By Topic

The future of interconnection technology

Sign In

Cookies must be enabled to login.After enabling cookies , please use refresh or reload or ctrl+f5 on the browser for the login options.

Formats Non-Member Member
$31 $31
Learn how you can qualify for the best price for this item!
Become an IEEE Member or Subscribe to
IEEE Xplore for exclusive pricing!
close button

puzzle piece

IEEE membership options for an individual and IEEE Xplore subscriptions for an organization offer the most affordable access to essential journal articles, conference papers, standards, eBooks, and eLearning courses.

Learn more about:

IEEE membership

IEEE Xplore subscriptions

1 Author(s)
Theis, T.N. ; IBM Research Division, Thomas J. Watson Research Center, P.O. Box 218, Yorktown Heights, New York 10598, USA

Continuing advances in interconnection technology are seen as essential to continued improvements in integrated circuit performance. The recent introduction of copper metallization, dual-damascene processing, and fully articulated hierarchical wiring structures, along with the imminent introduction of low-dielectric-constant insulating materials, indicates an accelerating pace of innovation. Nevertheless, some authors have argued that such innovations will sustain chip-level performance improvements for only another generation or two. In light of this pessimism, current trends and probable paths in the future evolution of interconnection technology are reviewed. A simple model is developed and used to estimate future wiring requirements and to examine the value of further innovations in materials and architecture. As long as current trends continue, with memory arrays filling an increasing fraction of the total area of high-performance microprocessor chips, wiring need not be a performance limiter for at least another decade. Alternative approaches, such as optical interconnections on chip, have little to offer while the incremental elaboration of the traditional wiring systems is still rapidly advancing.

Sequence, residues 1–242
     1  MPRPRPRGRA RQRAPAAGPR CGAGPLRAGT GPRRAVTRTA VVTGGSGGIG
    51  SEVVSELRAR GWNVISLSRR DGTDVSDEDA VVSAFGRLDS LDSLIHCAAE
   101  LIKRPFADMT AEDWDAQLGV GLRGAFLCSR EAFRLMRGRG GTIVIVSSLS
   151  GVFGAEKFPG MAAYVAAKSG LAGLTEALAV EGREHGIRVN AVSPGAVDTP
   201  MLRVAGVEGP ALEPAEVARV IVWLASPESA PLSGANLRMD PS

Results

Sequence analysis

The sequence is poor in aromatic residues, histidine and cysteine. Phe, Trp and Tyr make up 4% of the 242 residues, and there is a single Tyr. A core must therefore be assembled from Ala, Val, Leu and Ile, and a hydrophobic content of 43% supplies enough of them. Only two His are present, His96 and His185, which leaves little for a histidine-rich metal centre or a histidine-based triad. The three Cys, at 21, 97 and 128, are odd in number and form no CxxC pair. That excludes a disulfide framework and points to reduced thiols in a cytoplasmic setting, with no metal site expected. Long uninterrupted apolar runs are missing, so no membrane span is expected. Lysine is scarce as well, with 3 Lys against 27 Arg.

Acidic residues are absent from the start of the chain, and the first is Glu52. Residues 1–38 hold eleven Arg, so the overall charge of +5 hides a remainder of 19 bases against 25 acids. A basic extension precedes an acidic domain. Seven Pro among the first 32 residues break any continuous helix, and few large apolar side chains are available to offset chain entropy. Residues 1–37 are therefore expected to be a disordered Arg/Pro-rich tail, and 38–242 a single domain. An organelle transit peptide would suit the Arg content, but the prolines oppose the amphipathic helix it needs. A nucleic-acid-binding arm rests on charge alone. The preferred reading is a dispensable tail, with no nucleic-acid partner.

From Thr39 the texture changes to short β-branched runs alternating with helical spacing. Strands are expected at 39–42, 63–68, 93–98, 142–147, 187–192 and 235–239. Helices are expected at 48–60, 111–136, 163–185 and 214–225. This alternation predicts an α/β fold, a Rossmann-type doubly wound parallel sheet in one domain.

Note: The Institute of Electrical and Electronics Engineers, Incorporated is distributing this Article with permission of the International Business Machines Corporation (IBM) who is the exclusive owner. The recipient of this Article may not assign, sublicense, lease, rent or otherwise transfer, reproduce, prepare derivative works, publicly display or perform, or distribute the Article.  

Published in:

IBM Journal of Research and Development  (Volume:44 ,  Issue: 3 )